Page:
Tom-Yum-Gung ($3.25 per person), hot and sour soup with prawns, was a little bowl of heaven, the broth tempered and complex with a bare hint of sweetness. Four prawns were perfectly tender, and a host of white mushroom quarters absorbed and mirrored the liquid's multiplicity of flavors. Fresh mint, cilantro, and basil floated atop the pond, while woody sticks of lemongrass (don't eat them, they're just for flavoring the broth) lurked like crocodiles at the bottom. The coconut milk soup ($3) with tender bits of chicken and a jolt of pineapple was equally complex but a little sweet to my taste.

If Srisawat introduces a handful of Western ingredients into the Thai larder, his cooking has something in common with many American-born chefs "fusioning" in the opposite direction: Except for nightly specials, main courses tend to be somewhat less venturesome than openers. The outstanding entree was a special -- fried soft-shell crab ($13). Between placing the order and the food's arrival, we four seafood-lovers (including a one-time New Orleans restaurant line-chef, who's fried an infinity of blue crabs) chewed over the heretical thought that "busters" inherently aren't very flavorful, no matter how well you treat them. Blue Monkey's soft-shells, though, were among the best any of us had encountered. Under a breath of puffy batter, their shells were mere ghosts, and the full-bodied ginger sauce was a spirited complement to the mild meat.

Among the regular main courses, an outstanding roasted duck curry ($10) had near-greaseless, tender poultry chunks in a luscious coconut sauce, with big blocks of fresh pineapple lending the acidity that duck craves. Tasty but less riveting was "pookky piggy" ($7.50), marinated and grilled center-cut loin pork chops. In Asia, pork chops are almost always cut thin, but the pigs are likely older, fattier breeds than modern America's "other white meat"; these chops were somewhat dry at the edges. They were, however, moist near the bone and served in an easygoing, slightly tart Asian gravy made with chardonnay, accompanied by firm-tender young bok choy. Sea scallop curry ($13) was also enjoyable in a thin green coconut-curry sauce, although the stir-fried vegetable accompaniment featured decidedly tough-skinned long beans (which showed up in several dishes over both nights).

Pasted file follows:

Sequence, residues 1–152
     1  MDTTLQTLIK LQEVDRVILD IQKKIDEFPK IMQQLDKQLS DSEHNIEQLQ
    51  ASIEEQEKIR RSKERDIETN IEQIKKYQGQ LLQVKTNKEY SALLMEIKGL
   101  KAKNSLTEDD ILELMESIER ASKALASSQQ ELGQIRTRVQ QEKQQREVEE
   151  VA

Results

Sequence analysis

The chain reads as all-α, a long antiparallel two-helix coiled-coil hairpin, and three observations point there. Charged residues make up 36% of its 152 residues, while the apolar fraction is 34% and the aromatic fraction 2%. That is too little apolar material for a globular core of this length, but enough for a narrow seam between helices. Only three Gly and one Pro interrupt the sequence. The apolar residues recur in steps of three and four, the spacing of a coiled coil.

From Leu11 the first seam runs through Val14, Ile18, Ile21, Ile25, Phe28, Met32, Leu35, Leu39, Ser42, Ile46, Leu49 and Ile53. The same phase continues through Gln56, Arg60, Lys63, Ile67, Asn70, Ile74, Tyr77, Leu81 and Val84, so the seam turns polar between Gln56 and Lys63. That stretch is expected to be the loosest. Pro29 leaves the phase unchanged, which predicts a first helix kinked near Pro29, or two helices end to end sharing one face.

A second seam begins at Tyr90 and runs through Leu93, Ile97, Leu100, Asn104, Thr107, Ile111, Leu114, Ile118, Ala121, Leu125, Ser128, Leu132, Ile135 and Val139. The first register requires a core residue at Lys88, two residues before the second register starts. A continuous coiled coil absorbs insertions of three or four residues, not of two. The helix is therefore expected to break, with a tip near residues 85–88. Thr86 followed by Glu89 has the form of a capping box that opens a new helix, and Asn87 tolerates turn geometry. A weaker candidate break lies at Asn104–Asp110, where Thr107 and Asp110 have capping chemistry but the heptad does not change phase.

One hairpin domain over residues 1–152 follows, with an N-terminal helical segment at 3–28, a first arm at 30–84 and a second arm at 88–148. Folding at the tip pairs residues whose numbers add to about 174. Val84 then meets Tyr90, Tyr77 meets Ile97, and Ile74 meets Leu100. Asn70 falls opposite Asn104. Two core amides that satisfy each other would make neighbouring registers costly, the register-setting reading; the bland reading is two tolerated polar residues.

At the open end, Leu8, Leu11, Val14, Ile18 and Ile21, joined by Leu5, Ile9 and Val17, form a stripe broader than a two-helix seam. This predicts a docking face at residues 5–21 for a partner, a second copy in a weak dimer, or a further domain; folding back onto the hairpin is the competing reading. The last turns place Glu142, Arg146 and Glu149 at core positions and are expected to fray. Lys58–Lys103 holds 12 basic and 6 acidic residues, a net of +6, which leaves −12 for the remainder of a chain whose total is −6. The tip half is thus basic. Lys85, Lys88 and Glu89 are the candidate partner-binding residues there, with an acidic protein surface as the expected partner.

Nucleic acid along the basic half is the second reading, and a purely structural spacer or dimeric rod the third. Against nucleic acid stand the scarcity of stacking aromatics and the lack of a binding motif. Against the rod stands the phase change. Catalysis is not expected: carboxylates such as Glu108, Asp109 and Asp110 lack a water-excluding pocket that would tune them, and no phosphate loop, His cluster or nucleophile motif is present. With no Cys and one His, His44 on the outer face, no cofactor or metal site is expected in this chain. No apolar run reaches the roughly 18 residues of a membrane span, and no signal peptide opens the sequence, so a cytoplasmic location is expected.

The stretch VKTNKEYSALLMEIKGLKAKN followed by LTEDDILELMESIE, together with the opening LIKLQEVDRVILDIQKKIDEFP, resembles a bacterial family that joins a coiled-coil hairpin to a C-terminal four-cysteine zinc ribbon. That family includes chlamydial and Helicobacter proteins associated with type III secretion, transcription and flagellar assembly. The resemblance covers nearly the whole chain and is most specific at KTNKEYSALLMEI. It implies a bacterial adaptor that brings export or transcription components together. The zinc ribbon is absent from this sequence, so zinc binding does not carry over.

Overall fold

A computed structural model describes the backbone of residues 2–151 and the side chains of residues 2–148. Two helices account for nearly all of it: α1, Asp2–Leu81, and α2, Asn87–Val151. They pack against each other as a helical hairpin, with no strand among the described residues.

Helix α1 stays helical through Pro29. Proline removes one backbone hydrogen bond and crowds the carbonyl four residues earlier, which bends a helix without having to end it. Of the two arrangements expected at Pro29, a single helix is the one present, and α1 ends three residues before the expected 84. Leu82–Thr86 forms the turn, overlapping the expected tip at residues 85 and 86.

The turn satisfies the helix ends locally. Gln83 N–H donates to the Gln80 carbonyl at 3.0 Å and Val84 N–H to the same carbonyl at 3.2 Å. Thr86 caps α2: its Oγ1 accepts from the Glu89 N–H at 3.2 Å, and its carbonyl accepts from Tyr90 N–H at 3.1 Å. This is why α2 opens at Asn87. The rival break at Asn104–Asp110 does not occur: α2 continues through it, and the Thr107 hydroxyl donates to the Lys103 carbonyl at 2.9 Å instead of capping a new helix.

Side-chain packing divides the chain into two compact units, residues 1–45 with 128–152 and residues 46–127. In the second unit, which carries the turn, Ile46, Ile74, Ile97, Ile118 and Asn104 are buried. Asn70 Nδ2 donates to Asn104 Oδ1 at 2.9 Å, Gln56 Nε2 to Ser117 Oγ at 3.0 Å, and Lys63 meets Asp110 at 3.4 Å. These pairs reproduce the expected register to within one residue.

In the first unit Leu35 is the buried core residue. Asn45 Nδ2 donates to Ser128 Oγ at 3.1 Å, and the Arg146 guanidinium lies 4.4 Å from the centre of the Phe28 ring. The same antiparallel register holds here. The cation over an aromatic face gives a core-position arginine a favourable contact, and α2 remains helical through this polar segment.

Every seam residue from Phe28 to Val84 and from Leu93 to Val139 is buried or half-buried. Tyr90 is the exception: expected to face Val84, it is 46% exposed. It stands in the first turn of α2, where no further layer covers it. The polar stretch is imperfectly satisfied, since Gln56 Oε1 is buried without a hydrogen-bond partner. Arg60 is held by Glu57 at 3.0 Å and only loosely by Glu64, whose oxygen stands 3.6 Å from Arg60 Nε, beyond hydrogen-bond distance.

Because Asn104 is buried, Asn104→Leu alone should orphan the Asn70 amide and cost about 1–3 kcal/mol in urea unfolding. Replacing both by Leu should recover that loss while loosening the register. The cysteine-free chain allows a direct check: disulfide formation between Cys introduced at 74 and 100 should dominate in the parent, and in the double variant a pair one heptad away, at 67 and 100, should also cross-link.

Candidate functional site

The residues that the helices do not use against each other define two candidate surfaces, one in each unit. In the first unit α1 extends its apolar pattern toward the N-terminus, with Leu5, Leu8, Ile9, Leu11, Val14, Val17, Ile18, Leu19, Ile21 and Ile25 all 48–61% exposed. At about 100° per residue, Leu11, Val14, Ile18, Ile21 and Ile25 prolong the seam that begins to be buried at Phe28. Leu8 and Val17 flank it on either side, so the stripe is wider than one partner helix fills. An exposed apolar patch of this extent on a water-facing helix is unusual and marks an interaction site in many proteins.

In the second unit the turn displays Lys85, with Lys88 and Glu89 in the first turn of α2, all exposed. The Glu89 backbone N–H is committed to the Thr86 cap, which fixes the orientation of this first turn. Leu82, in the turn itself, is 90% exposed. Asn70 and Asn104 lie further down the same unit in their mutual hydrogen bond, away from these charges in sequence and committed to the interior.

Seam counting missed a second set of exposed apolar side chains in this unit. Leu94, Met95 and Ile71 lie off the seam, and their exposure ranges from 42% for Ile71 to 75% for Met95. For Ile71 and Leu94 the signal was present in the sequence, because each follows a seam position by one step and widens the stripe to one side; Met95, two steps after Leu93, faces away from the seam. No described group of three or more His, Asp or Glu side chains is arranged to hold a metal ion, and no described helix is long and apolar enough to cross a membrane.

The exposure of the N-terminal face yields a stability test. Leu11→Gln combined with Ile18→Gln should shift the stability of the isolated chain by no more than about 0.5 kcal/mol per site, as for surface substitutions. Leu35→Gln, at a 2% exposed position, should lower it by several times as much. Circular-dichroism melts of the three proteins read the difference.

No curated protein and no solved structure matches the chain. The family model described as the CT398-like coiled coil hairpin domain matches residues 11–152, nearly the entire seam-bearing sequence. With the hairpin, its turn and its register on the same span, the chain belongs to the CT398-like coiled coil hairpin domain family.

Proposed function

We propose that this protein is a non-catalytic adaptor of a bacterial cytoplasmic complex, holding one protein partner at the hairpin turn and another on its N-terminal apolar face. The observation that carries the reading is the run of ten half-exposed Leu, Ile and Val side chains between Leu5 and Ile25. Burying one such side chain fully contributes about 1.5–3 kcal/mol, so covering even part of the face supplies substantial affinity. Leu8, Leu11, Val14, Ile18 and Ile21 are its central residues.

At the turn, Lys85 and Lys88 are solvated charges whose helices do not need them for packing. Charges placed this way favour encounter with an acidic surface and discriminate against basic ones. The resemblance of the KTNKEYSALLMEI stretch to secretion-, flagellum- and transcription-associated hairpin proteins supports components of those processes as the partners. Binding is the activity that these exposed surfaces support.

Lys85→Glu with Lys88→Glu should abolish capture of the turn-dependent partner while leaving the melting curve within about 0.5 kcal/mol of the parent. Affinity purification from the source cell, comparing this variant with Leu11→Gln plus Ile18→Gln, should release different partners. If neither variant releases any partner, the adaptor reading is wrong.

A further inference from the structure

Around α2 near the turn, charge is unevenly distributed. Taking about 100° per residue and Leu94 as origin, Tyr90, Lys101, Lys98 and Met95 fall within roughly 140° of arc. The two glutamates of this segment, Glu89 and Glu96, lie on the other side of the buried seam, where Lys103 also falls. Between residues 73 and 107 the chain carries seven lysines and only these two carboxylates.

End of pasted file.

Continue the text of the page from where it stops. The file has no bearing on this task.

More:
The menu's announced "signature dish" is Atlantic salmon fillet stuffed with minced shrimp, chicken, and crab ($14). The salmon was rather dry, the filling didn't seem to suit it, and its "spicy garlic and lime sauce," which resembled a cilantro-rich Mexican salsa verde, couldn't save the fish. However, the two simultaneous banquets that night were clearly stressing the kitchen. When Chef Srisawat made the rounds of the tables as we were finishing dinner, he apologized charmingly for the slippage in quality following the second group's arrival.

On our return visit on a quieter weeknight, we hastened to order the evening's special of Asian eggplant, which featured the same stuffing. A few bites made it clear that the dry, dense filling was the real problem, and we decided that Blue Monkey would do well to rewrite its signature.

There are no desserts beyond a complementary plate of orange slices, and the wine list is skimpy -- if you're looking for a fruity cold white to go with Asian spicing, there's one Riesling but no GewYrztraminer, Vouvray, or Muscadet (much less Viognier). The red list is a little better, and corkage is just $7 if you want to bring your own. The beer selection is wider-ranging (including Siam's own Singha) and the house version of Thai tea isn't oversweet, so it works as a dinner quaff rather than a dessert.

As we were leaving after our excellent second meal, we found the chef cooling off on the sidewalk. Why, we asked, did he call his restaurant the Blue Monkey? The blue is for the blues, music that he likes very much, he said, and the monkey has a double meaning. Coconuts are a Siamese staple, and in Srisawat's part of the country, monkeys are "employed" to shimmy up the palms and pick the nuts. Then, too, he said, he himself is the monkey -- right now he's working days as a menu consultant for a new supper club to open on the site of the old Trocadero, and at night in his own restaurant. "So I'm running back and forth all the time like a monkey," he laughed.

About The Author

Naomi Wise